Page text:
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The company reported a quarterly profit for its main engineering business that exceeded analyst expectations.

CARLO ALLEGRI/Reuters

Four months after being named SNC-Lavalin Group Inc.’s interim chief executive, Ian Edwards has been given the job. Now, he has to prove he should keep it.

The British-born operations expert, who took command of the beleaguered engineering firm on a provisional basis in June after the abrupt departure of Neil Bruce, was officially announced as SNC’s new CEO Thursday. The appointment is a vote of confidence from a board that says he has acted “swiftly and decisively” to reverse the company’s slide and open a path back to growth.

Financial results from Montreal-based SNC-Lavalin support the board’s faith in Mr. Edwards. On Thursday, the company reported a quarterly profit for its main engineering business that exceeded analyst expectations.

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But the hardest work still lies ahead as the CEO tries to remodel SNC’s business lines, close out billions of dollars worth of higher-risk construction contracts, and figure out what to do with its volatile oil and gas assets. A trial for charges of bribery and fraud linked to its business in Libya between 2001 and 2011 also looms.

SNC shares surged 20 per cent Thursday on the Toronto Stock Exchange to close at $23.81, clawing back ground from a multiyear low of $15.47 in early September.

“Investors were fearing the worst,” National Bank of Canada analyst Maxim Sytchev said. The possibility that the company would breach its loan covenants was among the concerns that did not materialize, he said.

Caisse de dépôt et placement du Québec, SNC-Lavalin’s biggest shareholder, said in August that the engineering firm needed to shake up its culture to improve project execution and halt its downward spiral. On Thursday, the pension fund said SNC was on the right track under Mr. Edwards.

“Since taking the reins of the company a few months ago, he’s clearly put emphasis on execution challenges,” Caisse spokesman Maxime Chagnon said. “That’s a good starting point for the work ahead.”

Montreal-based SNC-Lavalin reported a profit of $2.76-billion or $15.70 a share for its latest quarter ended Sept. 30, a result bolstered by after-tax proceeds worth $2.6-billion on its sale of a 10-per-cent stake in Toronto-area toll road Highway 407. Total revenue fell 5 per cent to $2.4-billion for the three-month period.

Earnings before interest, taxes, depreciation and amortization from SNC’s main engineering and construction business dropped 17 per cent to $184.9-million during the quarter compared with the same period a year ago. But that was better than the average $161-million analysts were expecting. The profit is adjusted to strip out charges related to things such as restructuring and integration costs.

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“Whilst it is early days, this quarter demonstrates that the new strategic direction is actually delivering results,” Mr. Edwards said on a video posted to the company’s website.

The company had a backlog worth $11.4-billion at the end of September, up from $10.4-billion at the same time last year. It signed seven new service contracts worth roughly $500-million during the latest quarter.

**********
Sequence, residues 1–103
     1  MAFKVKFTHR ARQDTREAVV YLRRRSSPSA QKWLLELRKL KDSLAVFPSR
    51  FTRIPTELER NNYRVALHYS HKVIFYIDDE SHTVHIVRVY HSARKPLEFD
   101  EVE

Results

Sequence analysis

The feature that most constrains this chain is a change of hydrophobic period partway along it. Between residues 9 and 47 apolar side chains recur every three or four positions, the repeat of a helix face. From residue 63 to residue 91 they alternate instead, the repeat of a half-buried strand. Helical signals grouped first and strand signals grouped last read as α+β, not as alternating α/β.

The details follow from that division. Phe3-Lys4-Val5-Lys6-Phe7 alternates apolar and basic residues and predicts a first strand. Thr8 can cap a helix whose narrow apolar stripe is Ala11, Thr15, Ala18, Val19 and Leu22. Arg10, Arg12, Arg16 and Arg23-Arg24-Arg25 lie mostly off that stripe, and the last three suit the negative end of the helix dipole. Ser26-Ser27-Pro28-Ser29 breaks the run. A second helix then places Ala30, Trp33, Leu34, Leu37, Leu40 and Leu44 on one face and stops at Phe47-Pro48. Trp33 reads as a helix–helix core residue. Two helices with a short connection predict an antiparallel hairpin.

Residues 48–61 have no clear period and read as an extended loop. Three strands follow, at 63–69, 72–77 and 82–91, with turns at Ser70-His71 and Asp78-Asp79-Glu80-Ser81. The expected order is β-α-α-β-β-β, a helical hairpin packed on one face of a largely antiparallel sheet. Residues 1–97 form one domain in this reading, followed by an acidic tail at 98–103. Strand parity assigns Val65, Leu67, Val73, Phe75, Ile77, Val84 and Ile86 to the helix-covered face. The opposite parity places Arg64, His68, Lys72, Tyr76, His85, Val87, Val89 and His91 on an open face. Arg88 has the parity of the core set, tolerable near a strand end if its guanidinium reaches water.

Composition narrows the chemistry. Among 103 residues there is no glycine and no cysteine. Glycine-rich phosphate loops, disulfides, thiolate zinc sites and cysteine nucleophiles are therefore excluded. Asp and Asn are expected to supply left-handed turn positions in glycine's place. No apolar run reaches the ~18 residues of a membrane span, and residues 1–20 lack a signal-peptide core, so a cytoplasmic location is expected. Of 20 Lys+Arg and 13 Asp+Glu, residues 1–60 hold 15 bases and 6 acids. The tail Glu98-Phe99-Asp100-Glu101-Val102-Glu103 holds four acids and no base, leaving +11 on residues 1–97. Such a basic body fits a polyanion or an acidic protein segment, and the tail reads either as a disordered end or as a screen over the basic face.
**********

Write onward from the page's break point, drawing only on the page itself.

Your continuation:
“There are clear signs that the strategic plan … is beginning to take hold,” RBC analyst Derek Spronck said in a note to clients, adding that the 407 sale puts SNC in a good liquidity position with total recourse debt at $1.2-billion and cash of $934-million.

Mr. Edwards is trying to get the engineering and construction firm back on track after a cocktail of setbacks that have hit its finances and shredded its market capitalization.

The company has been hurt by losses from big contracts that have soured and is now exploring options for its resource assets while stepping up efforts to slash costs. The company is being hurt by continued weakness in its oil and gas business.

Those challenges have come at the same time the company has been thrust into the spotlight over its efforts to win a special deal to settle criminal charges related to its past business in Libya.

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Canada’s director of public prosecutions has declined to offer SNC such a deal, called a deferred prosecution agreement. But the attorney-general still has the power to order one.

SNC remains open to such an agreement if the new Trudeau government pursues one but does not expect it, Mr. Edwards said Thursday. The company remains focused on defending itself through the court process, he said. A trial could start early next year.

Under Mr. Edwards, SNC is getting out of fixed-price construction work (what it calls lump-sum turnkey contracts) to focus on more fee-for-service consulting and nuclear work, which have higher profit margins. Lump-sum contracts, in which builders are responsible for cost overruns, have been “the root cause” of the company’s recent financial trouble, Mr. Edwards has said.

The CEO has tried to reassure stakeholders that his team has a good handle on the remaining fixed-price construction contracts, worth roughly $3.2-billion at the end of the third quarter. Most of what’s being worked through are transit contracts in Canada, such as Toronto’s Eglinton Crosstown light rail – the kind of projects that have traditionally gone well for SNC, Mr. Edwards said.

But there are also about $500-million worth of oil and gas projects to complete, he said, and those do not have a history of turning a profit.

The company has not provided a worst-case estimate for potential future losses. That has driven investors’ worries about the company’s cash flow and earnings this year and next.

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